Appeals Court Rules Against House Democrats In Fight For Don McGahn’s Testimony

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Chuck Ross Investigative Reporter
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A federal appeals court dealt House Democrats a heavy blow on Friday, ruling in favor of President Donald Trump in his efforts to prevent former White House counsel Don McGahn from complying with a congressional subpoena for his testimony.

In a 2-1 decision, the U.S. Court of Appeals for the District of Columbia overturned a lower court’s decision to force McGahn to provide testimony and documents to the House Judiciary Committee as part of an investigation related to the findings of the special counsel’s investigation.

Trump had directed McGahn, who met extensively with the special counsel’s office, not to comply with the subpoena, saying that the former White House lawyer had “absolute immunity” from congressional subpoenas. The House Judiciary Committee sued McGahn to force him to provide testimony. (RELATED: Don McGahn Gives Democrats The Stiff-Arm, Defies Subpoena For Mueller Records)

The ruling, if it stands, will significantly limit Congress’s oversight power related to the executive branch. Democrats have filed several lawsuits against Trump and his administration to force cooperation with subpoenas. The House Ways and Means Committee has sued Trump and his family’s business for tax filings.

White House Counsel Don McGahn (R) attends a cabinet meeting with President Donald Trump at the White House on October 17, 2018. (Chip Somodevilla/Getty Images)

White House Counsel Don McGahn (R) attends a cabinet meeting with President Donald Trump at the White House on October 17, 2018. (Chip Somodevilla/Getty Images)

In an opinion for the majority obtained by The New York Times, Judge Thomas Griffith cautioned against the judiciary becoming involved in political squabbles between the legislative and executive branches, but said that Congress maintains significant power over the administration.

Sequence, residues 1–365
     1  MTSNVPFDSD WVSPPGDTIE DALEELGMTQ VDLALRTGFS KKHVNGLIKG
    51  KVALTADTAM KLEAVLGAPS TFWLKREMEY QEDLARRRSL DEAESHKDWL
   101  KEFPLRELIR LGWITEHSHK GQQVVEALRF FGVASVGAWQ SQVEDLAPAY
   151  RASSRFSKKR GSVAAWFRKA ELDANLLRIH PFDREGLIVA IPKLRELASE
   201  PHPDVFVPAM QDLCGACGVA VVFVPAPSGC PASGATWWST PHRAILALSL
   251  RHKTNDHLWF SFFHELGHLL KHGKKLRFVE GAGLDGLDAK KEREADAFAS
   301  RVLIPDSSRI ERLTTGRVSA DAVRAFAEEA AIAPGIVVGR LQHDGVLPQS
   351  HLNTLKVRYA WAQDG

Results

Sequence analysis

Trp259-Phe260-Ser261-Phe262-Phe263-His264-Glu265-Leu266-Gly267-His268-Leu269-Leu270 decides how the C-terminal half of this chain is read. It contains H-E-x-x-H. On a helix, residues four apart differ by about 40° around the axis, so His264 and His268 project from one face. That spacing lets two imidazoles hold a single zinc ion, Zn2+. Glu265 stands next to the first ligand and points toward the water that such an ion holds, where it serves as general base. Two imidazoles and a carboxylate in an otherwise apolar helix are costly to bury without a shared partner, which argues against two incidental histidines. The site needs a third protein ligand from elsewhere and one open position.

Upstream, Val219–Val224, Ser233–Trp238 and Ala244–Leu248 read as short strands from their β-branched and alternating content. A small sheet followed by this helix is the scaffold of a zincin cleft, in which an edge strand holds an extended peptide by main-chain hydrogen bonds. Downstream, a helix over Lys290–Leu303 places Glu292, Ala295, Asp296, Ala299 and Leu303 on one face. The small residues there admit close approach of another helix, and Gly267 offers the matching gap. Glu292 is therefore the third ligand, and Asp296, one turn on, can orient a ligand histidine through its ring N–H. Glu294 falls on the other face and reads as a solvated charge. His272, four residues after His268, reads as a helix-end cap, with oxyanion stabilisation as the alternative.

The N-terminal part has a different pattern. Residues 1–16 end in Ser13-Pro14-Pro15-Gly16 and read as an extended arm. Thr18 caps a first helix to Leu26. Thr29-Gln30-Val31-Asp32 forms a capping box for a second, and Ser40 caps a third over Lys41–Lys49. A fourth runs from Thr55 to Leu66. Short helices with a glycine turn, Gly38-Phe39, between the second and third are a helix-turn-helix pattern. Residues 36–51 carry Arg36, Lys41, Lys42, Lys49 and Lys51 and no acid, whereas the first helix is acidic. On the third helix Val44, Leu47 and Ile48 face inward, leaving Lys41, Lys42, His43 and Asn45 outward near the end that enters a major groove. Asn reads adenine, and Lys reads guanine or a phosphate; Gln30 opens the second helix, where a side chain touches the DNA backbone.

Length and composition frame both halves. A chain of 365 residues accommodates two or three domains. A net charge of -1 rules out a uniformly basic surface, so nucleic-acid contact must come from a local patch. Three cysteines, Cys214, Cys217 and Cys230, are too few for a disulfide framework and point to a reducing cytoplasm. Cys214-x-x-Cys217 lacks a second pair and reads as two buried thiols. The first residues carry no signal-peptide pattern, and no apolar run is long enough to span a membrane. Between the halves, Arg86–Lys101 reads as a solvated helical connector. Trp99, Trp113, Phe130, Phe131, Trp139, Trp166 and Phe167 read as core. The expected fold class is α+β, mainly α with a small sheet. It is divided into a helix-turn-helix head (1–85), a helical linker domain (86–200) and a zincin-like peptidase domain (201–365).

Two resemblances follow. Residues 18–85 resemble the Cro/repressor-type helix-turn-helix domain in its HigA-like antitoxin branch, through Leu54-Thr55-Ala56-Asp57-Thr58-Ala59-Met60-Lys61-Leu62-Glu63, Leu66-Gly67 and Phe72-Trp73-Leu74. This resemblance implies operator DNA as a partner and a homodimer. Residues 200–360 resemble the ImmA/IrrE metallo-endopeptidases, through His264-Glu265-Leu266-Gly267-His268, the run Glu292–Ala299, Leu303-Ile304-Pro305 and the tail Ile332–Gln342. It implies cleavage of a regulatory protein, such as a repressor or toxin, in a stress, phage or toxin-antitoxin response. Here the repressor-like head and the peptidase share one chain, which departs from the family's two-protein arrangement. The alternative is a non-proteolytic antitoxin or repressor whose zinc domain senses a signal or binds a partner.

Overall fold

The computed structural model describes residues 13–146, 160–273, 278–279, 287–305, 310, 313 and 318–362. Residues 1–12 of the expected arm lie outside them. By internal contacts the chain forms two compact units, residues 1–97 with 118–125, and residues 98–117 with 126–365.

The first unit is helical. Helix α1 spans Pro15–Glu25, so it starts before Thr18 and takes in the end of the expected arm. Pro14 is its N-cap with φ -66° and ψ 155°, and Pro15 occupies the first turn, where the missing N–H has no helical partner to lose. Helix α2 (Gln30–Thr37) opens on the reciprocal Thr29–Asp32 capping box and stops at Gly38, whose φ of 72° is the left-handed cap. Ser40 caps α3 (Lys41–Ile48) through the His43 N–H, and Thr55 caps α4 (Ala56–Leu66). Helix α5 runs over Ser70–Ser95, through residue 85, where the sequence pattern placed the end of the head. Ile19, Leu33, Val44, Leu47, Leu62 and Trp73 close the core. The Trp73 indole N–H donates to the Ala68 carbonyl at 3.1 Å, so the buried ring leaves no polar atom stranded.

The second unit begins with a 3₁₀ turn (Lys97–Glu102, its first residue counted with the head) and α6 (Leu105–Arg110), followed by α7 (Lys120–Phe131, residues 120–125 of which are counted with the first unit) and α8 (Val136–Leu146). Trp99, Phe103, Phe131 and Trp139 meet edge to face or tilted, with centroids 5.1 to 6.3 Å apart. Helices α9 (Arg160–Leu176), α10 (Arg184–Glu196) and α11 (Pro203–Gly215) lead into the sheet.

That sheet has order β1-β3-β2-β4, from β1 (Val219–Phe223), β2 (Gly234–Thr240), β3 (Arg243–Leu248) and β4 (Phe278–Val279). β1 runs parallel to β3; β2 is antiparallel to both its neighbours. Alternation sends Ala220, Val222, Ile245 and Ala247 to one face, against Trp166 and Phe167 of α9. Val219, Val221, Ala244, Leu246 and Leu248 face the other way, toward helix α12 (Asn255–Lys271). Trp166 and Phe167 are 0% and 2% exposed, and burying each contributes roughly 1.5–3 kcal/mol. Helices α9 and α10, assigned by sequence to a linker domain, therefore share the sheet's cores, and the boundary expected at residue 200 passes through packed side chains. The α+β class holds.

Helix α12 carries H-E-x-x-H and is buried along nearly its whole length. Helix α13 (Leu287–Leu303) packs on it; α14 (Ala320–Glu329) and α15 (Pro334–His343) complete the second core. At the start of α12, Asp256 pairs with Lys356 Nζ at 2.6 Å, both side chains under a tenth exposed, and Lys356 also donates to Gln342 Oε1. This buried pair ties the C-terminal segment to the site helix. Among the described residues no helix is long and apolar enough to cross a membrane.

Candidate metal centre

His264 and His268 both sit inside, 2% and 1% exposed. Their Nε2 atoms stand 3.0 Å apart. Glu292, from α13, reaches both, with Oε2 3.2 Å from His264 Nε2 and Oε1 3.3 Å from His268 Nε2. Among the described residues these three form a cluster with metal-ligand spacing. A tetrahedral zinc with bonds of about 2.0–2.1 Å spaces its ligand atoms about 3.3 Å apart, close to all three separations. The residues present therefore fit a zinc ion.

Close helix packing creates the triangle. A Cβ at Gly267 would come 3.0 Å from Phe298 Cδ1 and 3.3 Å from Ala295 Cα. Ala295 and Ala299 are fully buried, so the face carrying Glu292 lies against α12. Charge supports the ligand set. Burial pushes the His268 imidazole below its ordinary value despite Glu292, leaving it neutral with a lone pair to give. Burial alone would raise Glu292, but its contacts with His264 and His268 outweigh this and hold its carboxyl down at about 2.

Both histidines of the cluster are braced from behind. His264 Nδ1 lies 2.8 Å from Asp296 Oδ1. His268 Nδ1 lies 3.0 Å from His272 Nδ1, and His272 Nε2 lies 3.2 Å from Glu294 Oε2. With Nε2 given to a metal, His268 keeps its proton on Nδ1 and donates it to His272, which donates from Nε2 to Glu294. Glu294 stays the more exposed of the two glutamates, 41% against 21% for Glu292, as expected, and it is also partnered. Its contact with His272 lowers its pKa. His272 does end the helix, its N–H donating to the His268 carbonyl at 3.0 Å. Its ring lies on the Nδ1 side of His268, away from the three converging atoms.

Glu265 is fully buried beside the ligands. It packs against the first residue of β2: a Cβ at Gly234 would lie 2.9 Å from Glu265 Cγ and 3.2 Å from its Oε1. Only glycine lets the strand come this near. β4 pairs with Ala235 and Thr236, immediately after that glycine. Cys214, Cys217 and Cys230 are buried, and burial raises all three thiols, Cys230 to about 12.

“The absence of a judicial remedy doesn’t render Congress powerless. Instead, the Constitution gives Congress a series of political tools to bring the Executive Branch to heel,” wrote Griffith, who was appointed by President George W. Bush.

“Congress (or one of its chambers) may hold officers in contempt, withhold appropriations, refuse to confirm the President’s nominees, harness public opinion, delay or derail the President’s legislative agenda, or impeach recalcitrant officers.”

“And Congress can wield these political weapons without dragging judges into the fray.”

House Speaker Nancy Pelosi said Democrats will appeal the decision.

“Today’s split Court of Appeals ruling in the McGahn case does not contradict what the Courts have continued to rule: that the President’s claims of ‘absolute immunity’ from Congress’s subpoenas are false,” Pelosi said in a statement after the ruling.

She said the House will seek a hearing before all judges on the federal appeals court in Washington.

“We will continue to honor our responsibility to exercise our constitutional authority to conduct oversight on behalf of the American people, including by issuing our lawful and legitimate subpoenas,” she added.

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